Also, there’s a subtle and widely unappreciated sort of dominance that a free-thinking society has over an unfree one. On the face of it the situation is the other way around, with the unfree society being able to lie with impunity to its own members while seducing the free society with clever lies. But in a free-thinking society the people who rise to the top of the media heap are those who make the most persuasive arguments, not those who best pander to the government. A few words from able persuaders often cut more deeply than mountains of rhetoric from the other side. And while most of the population of the unfree country can be kept completely in the dark, the leadership has to expose themselves to outside arguments, even just for the sake of countering them. Though they listen 95% of the time to their own propaganda, the other 5% has an outsize influence. So within Putin’s inner circles, the weight of Western opinion is non-negligible: if even we think it’s in his best interest to invade, that means something to them; and confidently predicting invasion means that we think it’s in his best interest.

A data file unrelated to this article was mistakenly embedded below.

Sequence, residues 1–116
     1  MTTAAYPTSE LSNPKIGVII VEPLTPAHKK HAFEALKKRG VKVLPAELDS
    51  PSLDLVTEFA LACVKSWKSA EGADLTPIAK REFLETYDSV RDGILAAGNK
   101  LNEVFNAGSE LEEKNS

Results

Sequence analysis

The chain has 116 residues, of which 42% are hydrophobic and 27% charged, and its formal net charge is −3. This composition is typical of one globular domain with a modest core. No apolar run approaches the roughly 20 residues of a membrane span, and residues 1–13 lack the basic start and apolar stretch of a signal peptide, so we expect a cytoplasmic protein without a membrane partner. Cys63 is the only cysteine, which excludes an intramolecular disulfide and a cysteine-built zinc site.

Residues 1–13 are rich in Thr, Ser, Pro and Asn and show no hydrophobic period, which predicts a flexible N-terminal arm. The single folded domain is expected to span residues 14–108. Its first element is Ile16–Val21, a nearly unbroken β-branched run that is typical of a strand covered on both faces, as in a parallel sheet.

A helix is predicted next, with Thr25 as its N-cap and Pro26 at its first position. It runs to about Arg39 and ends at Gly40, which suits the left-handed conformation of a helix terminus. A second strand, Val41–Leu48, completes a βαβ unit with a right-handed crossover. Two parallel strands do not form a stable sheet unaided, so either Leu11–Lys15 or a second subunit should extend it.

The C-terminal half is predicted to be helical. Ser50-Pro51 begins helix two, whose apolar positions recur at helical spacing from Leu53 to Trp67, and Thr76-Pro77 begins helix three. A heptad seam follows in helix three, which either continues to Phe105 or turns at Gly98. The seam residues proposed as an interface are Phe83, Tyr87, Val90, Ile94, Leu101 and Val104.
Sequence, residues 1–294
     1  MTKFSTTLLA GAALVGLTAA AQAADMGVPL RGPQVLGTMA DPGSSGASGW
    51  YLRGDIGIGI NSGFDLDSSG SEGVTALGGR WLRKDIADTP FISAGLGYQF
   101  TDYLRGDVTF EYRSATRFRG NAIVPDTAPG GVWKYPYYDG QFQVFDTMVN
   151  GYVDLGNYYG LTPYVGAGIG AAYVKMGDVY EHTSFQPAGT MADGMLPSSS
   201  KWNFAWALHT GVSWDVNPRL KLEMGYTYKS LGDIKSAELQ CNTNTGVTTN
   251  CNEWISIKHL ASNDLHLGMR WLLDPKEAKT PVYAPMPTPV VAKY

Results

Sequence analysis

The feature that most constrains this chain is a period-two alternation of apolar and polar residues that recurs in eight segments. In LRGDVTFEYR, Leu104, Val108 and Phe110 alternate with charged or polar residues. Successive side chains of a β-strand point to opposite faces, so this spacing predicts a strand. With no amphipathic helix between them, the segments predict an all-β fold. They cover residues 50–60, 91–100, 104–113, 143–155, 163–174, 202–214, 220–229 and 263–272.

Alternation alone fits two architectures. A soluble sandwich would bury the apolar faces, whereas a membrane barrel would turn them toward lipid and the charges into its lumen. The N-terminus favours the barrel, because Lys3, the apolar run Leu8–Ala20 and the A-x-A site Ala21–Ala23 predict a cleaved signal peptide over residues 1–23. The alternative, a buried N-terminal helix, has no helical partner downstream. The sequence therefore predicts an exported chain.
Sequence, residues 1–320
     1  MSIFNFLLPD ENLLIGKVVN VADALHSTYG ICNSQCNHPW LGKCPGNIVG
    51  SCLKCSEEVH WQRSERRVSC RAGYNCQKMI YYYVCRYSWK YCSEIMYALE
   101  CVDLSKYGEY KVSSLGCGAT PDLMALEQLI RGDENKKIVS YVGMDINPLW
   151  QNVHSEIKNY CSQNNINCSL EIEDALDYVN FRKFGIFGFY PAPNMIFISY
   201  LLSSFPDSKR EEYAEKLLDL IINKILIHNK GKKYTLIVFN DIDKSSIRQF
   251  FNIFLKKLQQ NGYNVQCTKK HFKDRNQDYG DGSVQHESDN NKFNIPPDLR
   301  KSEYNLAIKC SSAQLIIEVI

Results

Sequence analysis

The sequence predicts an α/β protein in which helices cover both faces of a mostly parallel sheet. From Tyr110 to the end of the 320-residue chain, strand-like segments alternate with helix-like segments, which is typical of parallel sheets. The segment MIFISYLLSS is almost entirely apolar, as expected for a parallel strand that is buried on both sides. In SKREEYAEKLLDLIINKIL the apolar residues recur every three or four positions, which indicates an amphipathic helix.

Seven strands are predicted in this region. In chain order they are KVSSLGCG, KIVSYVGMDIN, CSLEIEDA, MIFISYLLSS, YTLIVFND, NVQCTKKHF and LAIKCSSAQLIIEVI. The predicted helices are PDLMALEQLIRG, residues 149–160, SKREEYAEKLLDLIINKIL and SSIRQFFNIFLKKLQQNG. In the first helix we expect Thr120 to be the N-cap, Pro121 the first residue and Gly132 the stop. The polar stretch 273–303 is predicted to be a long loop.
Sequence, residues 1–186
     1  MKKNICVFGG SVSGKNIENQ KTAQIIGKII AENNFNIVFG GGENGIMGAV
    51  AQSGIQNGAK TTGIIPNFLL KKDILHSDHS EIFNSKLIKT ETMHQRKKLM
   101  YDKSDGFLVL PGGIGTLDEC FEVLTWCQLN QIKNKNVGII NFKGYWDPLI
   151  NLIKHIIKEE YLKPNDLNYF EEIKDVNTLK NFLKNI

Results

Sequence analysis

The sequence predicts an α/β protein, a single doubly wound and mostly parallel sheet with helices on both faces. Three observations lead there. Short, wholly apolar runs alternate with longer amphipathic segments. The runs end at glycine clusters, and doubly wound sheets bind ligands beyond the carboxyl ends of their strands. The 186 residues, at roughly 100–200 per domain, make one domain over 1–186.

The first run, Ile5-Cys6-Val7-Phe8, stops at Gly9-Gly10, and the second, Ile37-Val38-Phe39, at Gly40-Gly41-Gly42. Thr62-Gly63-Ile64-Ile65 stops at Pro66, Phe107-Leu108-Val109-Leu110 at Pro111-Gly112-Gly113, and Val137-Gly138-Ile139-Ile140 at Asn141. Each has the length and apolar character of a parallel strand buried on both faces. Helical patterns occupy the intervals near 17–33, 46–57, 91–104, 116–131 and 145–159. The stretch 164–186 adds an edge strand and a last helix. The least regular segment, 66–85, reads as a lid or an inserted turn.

Also, the main threat the Biden crowd used – the threat of sanctions – isn’t something that can be expected to deter someone like Putin: he’ll think he can weather them. Even when sanctions truly will be crippling, he won’t believe it until it actually happens. This is not just dictatorial wishful thinking and being surrounded by yes-men, though that’s a lot of it. In a sense a head of state should be optimistic about things like that: he should think that some way out will be found: that some substitution can be made, even if it isn’t clear ahead of time what that substitution might be. He doesn’t know the details, but he knows the nation has a lot of clever people who will be trying their best to work around the difficulties.